There is such a thing as bad publicity, as evidence Sony's recent debacle should be evidence enough. However when you sell a product that is designed to kill, like cigarettes, then what is considered negative becomes vastly skewed from what would be expected from a normal product. Strangely, since Heart Disease is the number one killer of both men and women, that obvious cardio killers are not looked upon in the same villainous light.
It turns out that teens who see the anti-smoking ads are more likely to smoke. Maybe they can see through the haze of BS that comes from ridiculous attempts at using mass media for social engineering. If you want kids to quit smoking come up with a decent transference mechanism. Something that meets all the needs that are currently being fulfilled (or in non-smokers being unfulfilled.) As Personal Philosophers (some call them psychologists) would bring up is the problem with unfulfilled desires and what happens to the beings in which these desire reside.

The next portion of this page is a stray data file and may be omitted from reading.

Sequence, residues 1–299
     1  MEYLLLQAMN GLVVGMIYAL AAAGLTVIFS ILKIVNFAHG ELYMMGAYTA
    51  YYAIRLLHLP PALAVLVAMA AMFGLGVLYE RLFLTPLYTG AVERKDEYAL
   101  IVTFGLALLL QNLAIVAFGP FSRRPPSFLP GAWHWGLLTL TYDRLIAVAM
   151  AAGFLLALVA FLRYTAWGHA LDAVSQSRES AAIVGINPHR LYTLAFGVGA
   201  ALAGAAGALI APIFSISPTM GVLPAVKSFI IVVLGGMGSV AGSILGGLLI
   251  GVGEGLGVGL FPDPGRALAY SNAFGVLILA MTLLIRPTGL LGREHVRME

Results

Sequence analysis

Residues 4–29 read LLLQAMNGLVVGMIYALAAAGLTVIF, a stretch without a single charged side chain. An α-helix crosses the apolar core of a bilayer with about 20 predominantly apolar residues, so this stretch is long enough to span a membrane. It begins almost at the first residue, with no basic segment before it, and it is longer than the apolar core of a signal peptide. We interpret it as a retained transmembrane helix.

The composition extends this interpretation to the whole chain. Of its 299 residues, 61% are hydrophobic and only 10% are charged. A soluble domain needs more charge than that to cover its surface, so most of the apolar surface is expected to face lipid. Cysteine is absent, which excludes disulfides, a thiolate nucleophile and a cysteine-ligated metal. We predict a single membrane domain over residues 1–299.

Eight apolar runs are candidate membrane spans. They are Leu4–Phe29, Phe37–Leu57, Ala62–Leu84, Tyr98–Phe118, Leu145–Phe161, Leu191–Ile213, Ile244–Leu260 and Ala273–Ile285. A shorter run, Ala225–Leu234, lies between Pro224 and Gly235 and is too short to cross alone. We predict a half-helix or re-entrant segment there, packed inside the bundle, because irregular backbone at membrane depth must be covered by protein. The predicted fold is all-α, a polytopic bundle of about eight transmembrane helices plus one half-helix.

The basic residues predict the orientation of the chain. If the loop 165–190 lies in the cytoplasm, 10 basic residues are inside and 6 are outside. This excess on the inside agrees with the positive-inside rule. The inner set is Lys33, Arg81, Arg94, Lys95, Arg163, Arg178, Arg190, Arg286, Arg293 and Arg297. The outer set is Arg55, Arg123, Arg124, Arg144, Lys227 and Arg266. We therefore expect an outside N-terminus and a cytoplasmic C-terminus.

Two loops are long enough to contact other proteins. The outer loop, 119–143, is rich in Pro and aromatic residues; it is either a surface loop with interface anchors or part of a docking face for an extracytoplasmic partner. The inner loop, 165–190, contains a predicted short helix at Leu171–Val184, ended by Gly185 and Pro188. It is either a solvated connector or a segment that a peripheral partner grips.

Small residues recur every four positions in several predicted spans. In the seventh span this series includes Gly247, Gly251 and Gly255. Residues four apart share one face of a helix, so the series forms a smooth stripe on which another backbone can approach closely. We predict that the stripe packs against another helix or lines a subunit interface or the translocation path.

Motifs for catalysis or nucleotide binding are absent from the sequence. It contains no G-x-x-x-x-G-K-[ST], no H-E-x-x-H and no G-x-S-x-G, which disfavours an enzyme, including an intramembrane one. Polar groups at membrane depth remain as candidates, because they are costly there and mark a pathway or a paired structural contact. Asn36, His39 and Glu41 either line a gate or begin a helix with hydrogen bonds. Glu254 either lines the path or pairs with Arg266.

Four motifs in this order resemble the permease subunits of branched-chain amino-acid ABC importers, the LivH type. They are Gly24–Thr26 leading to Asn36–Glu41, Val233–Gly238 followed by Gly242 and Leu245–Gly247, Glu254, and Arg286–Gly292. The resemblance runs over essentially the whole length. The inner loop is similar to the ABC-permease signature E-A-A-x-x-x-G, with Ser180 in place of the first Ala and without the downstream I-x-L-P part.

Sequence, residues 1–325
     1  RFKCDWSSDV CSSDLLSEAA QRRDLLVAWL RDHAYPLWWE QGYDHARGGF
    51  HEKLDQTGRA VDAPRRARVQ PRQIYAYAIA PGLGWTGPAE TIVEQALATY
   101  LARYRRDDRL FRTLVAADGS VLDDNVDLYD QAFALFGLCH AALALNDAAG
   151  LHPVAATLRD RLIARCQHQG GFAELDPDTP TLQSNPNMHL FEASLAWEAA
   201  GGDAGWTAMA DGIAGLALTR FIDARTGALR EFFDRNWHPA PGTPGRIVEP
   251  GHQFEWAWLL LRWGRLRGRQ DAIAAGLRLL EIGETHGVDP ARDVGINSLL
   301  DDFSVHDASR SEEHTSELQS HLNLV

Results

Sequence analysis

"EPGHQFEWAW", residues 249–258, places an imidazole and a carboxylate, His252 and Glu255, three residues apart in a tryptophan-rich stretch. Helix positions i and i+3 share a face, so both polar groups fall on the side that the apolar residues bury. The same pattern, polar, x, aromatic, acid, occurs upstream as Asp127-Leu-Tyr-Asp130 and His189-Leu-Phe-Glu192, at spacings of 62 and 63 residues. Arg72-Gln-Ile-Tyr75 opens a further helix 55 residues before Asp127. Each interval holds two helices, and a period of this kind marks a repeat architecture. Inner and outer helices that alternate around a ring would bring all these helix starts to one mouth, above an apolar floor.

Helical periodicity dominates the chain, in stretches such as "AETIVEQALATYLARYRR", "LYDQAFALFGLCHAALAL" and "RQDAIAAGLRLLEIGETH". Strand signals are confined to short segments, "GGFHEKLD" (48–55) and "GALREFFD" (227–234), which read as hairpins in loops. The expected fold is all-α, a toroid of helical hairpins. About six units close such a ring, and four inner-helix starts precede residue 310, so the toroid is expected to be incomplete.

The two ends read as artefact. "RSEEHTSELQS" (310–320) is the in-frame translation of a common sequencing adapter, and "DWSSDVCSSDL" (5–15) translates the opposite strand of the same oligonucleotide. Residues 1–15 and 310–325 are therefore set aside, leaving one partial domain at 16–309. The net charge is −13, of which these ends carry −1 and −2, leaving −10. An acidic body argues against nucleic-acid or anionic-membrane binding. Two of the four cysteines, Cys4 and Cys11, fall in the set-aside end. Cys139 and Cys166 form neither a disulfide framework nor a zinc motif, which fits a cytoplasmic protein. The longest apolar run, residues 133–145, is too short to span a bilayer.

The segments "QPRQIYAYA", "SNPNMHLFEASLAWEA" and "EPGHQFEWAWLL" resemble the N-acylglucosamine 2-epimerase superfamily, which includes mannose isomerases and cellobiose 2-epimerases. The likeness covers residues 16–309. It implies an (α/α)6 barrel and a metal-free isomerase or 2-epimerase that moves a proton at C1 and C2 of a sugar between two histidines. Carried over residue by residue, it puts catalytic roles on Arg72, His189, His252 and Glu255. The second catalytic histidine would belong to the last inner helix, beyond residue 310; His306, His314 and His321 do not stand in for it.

I think ultimately the smoking numbers went down as people pretended to be oblivious to the idea that smoking was dangerous. Now that the pretend naivete has gone, people have taken the habit back up, and the younger generation is following suit. The best quote is this:
"Even parents who are smokers can make it clear and communicate to their child that they wished they hadn’t started smoking, because the majority of smokers do feel that way."
As if any person exists outside of the social spectrum, as recent studies have shown people are outnumbered by televisions in homes. This means that the average person is bombarded by images and some take them to regret their life and others realise, importantly, that TV is FAKE. Tell your kid not to smoke if you want but remember when they get to be 18 they will do pretty much whatever they want.
Oh and quit with the mass social engineering, people get enough of it in public (and private) school.